By DAVID DISHNEAU
Associated Press Writer
Copyright 2007 The Associated Press
Jan. 17, 2007
HAGERSTOWN, Md. - The Department of Veterans Affairs will pay a defense
contractor millions of dollars to help the agency improve data security
after the theft last year of a computer packed with personal
information, company officials said Wednesday.
The project, focusing on the behavior of the department's 235,000
workers, is part of the VA's effort to better protect sensitive
information after a laptop computer and external drive containing the
personal information of about 26.5 million veterans and military members
was stolen last spring.
Maryland-based Engineering Systems Solutions Inc. and subcontractor
Dreifus Associates Ltd. Inc., of Maitland, Fla., will work on the
five-year contract, which is worth $2.3 million in the first year and an
undefined amount for the rest, said Laura Nash, director of strategic
consulting at Engineering Systems Solutions.
They will look for effective data-protection practices in the health
care and finance industries and in other government agencies, and help
the VA implement similar measures, she said.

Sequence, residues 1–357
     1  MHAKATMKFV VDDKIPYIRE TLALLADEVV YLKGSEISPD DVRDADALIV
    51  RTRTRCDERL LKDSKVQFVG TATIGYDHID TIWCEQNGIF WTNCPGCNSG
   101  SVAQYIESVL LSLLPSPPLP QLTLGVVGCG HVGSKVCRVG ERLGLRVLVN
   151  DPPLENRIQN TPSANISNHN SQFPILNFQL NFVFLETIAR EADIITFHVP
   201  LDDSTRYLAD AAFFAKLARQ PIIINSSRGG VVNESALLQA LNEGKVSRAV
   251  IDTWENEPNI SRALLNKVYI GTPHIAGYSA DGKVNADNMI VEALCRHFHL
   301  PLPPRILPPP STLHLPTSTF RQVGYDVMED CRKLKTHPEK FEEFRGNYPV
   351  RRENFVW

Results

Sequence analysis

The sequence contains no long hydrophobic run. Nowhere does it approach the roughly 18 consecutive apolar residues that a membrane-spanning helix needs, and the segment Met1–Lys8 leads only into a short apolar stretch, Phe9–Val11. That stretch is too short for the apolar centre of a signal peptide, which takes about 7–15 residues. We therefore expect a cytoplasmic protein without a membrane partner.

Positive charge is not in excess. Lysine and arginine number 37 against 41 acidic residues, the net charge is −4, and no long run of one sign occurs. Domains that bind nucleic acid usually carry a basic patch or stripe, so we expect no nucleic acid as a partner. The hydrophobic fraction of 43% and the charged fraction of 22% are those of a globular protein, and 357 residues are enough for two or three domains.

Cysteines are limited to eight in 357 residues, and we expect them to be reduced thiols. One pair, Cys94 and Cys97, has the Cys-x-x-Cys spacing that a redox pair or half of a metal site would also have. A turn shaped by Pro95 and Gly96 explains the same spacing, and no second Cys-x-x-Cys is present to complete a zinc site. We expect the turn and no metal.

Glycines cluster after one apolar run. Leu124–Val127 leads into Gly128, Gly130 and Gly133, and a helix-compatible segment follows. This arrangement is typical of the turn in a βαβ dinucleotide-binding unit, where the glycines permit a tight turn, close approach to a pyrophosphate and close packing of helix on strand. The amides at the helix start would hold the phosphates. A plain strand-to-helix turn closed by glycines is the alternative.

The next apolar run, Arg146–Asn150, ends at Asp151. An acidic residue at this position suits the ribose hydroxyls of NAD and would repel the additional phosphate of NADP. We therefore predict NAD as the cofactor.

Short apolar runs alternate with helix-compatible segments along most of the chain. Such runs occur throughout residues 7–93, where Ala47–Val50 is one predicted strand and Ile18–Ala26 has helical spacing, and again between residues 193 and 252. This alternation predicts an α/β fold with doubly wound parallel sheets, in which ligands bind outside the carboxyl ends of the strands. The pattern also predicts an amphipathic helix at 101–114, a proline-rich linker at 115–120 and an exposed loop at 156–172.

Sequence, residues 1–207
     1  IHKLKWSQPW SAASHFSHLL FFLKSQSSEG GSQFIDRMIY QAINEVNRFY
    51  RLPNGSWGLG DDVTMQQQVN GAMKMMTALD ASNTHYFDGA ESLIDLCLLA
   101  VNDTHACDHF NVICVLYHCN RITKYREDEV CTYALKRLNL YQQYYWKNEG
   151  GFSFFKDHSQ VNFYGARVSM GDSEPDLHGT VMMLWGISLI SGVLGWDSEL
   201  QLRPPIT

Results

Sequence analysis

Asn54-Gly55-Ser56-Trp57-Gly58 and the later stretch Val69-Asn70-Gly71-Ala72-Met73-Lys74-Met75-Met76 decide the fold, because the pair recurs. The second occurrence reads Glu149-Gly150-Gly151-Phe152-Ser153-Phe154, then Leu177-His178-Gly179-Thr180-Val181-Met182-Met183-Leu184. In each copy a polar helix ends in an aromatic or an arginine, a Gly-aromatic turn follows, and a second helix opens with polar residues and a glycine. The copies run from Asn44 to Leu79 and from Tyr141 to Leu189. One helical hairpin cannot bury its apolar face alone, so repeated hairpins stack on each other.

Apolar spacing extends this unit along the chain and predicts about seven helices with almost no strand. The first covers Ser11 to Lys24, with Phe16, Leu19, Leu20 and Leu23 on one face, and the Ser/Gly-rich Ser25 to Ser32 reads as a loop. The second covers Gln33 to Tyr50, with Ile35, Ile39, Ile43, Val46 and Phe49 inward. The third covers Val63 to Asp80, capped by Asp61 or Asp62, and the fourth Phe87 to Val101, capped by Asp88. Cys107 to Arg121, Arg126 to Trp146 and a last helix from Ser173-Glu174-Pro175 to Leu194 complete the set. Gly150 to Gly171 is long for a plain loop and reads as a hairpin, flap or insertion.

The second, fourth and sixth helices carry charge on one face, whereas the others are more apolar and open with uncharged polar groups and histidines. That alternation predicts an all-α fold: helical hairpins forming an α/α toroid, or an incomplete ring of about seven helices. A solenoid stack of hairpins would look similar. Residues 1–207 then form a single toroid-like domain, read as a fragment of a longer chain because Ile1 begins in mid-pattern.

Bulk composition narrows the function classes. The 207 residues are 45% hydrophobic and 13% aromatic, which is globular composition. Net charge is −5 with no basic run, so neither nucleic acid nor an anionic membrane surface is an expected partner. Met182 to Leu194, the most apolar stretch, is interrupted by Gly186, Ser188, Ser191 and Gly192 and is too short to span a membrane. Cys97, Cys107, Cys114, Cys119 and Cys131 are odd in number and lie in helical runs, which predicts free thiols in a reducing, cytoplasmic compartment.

"A lot of it is really a people issue," Nash said. "People want to do
the right thing, but we can all be a little careless sometimes. We can
all be a little bit more careful."
The VA computer taken from an employee's home in May was recovered with
no data accessed, the agency said. The episode focused attention on the
vulnerability of portable devices containing huge amounts of sensitive
The department says it has since trained all employees in the proper
handling of sensitive data and installed encryption programs on all
laptops. It spent at least $80 million on computer security in the
fiscal year that ended Sept. 30 and plans to increase that amount this
year, spokeswoman Jo Schuda said.
"It needs to become part of someone's subconscious that as they go
through their day-to-day routine, they automatically take the necessary
steps to protect personal data," Nash said.
Such steps include using encryption when e-mailing sensitive data,
logging off one's computer when leaving one's desk and, "as part of
changing the culture, getting people to think twice" about taking work
home, she said. "Do they really need to take this data home? Is there
another way of getting this work done without having to have any kind of
On the Net:
Engineering Systems Solutions: http://www.essworld.net
Dreifus Associates: http://www.dreifus.com
Department of Veterans Affairs: http://www.va.gov
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